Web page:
Over time, books and other resources have been introduced into education to allow students to learn more, in different ways, and at their own convenience. Self-directed learning moves the emphasis and responsibility away from the teacher and onto the student. This approach has grown exponentially with the development of technology. Technology has facilitated an increase in available resources. An outcome has been a move away from the personal approach of the teacher to the impersonal approach of cyberspace. Technology has also increased the volume of information available. There is so much information out there but of what quality? Furthermore, how capable are international students of filtering this enormous volume of information to determine what is most relevant and of best fit to advance their learning and academic performance?

As quantity is substituted for quality and the transition from a personal to an impersonal approach has occurred, it has been assumed that students will still be able to achieve deep learning outcomes by availing themselves of all cyber resources. The question is, however, do students know what they need to know and do they make use of all the cyber resources provided to help them develop their academic competencies in the most efficient and effective way? Furthermore, even if they do avail themselves of these cyber resources, do they understand the linkage between knowledge and academic skills development to enable deep learning and successful academic performance? We believe the answer is no. As Bretag states: 'Telling an international EAL [English as an additional language] student who is having difficulty writing an assignment to go to the university website and download a 15-page document on essay writing is clearly not providing meaningful support'. (4)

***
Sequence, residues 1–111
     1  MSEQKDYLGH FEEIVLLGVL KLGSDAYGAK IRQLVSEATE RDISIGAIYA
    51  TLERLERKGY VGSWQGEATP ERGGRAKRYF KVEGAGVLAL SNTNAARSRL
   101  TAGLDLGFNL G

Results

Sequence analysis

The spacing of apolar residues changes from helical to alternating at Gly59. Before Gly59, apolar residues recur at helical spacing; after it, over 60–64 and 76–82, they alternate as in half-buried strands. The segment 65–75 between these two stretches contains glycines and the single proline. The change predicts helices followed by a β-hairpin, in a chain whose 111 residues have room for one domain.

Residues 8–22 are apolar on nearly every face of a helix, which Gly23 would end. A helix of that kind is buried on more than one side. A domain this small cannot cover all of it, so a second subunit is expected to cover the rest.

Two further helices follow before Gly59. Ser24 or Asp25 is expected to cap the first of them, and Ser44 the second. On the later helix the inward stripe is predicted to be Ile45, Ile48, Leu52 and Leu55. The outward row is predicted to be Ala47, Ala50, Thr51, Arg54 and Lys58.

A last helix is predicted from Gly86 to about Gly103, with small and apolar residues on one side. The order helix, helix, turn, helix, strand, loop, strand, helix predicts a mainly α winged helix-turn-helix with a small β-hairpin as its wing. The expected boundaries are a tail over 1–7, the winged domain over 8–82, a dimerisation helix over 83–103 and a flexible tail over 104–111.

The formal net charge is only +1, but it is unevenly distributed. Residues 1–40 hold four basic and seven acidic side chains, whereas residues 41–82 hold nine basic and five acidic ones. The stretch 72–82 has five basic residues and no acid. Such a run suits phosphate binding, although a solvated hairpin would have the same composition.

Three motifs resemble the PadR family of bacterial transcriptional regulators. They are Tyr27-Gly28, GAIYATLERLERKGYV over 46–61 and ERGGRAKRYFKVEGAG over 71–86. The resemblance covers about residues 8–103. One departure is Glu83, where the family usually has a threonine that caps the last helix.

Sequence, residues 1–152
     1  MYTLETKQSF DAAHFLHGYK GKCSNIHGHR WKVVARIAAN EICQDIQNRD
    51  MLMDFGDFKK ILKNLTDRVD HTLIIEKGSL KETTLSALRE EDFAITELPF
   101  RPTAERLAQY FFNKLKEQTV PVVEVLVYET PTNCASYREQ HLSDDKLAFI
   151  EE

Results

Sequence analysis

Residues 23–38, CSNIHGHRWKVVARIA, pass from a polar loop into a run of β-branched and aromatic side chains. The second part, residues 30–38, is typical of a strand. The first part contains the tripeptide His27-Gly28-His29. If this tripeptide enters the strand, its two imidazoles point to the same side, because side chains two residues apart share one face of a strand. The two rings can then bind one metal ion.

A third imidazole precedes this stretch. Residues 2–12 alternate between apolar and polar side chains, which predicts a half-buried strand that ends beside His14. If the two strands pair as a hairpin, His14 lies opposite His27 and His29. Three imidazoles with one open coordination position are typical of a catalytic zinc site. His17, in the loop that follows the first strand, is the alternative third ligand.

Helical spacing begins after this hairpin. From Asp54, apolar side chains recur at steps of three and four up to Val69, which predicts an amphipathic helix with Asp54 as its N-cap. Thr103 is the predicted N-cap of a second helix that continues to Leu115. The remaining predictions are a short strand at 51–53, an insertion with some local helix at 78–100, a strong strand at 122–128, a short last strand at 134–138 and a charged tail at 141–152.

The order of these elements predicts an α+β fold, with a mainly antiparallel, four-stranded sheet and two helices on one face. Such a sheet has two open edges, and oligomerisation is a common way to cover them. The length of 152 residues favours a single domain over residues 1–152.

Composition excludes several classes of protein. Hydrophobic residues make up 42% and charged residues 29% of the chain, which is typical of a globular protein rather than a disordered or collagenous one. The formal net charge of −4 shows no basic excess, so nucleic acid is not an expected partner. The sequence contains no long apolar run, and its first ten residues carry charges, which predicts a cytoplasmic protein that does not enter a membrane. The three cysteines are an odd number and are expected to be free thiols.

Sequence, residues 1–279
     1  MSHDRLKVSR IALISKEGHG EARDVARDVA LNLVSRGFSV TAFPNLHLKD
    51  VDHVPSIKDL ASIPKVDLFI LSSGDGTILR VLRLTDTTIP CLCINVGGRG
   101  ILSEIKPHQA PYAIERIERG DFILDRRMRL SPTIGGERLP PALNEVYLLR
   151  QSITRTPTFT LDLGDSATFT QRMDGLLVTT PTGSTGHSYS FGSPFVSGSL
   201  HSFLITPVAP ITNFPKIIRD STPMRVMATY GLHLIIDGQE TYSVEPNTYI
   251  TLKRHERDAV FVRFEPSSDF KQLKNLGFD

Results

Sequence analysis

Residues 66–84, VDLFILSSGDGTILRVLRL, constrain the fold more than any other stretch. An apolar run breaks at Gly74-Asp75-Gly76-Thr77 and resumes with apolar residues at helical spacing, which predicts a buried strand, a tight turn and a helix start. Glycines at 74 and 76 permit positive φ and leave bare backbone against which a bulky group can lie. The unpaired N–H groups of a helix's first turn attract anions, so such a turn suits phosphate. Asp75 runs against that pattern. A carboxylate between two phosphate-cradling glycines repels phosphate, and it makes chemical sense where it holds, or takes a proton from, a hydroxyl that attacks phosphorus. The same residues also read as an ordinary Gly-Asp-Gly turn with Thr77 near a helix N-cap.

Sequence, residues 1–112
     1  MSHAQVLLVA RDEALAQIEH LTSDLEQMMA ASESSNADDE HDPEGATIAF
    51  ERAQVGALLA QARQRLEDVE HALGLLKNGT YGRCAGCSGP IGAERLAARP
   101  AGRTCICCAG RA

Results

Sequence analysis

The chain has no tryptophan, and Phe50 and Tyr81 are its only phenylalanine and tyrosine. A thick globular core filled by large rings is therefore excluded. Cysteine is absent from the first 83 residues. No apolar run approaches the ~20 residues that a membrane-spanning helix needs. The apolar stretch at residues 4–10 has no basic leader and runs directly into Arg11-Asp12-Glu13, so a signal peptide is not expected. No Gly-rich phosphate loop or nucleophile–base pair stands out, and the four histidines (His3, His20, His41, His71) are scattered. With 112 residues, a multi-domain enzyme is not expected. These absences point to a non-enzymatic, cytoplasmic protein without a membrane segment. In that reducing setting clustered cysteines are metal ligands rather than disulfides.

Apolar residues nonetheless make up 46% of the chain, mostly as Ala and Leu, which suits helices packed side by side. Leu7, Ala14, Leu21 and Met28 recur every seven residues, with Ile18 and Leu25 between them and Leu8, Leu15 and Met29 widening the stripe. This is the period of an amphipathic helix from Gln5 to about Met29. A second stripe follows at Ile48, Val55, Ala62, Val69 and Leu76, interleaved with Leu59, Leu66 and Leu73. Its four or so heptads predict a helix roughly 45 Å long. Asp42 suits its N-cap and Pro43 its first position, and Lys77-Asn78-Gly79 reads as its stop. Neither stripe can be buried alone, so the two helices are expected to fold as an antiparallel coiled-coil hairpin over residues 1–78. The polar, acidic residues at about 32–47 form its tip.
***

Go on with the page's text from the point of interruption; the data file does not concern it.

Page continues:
We hypothesised that students do not use all of the resources made available to them. A possible reason is that they do not know what they do not know and, if the Johari Awareness Model (5) was used, most of these students would fall into the fourth quadrant (that is the unknown quadrant--which reflects behaviours, feelings and motivations known to neither the self or other parties). Because of this they do not know where to start. Also, they have limited understanding of how the different resources fit together to support and develop those academic skills that can enhance academic performance. This results in a lose-lose situation for everyone. In this environment students can and do get frustrated and, as a result, staff may bear the brunt of the student's ire in unit evaluations.

What seems to have been the case to date is that the problem of the poor academic skills of international students is seen as an educational/linguistics/learning style issue, (6) therefore solutions are sought in the educational/linguistics/learning literature. This is clearly a factor but we believe an even more fundamental factor is the quantity and quality of academic assistance given. We propose looking at this problem from a work performance perspective using management literature as the lens rather than purely an educational/linguistics/learning perspective.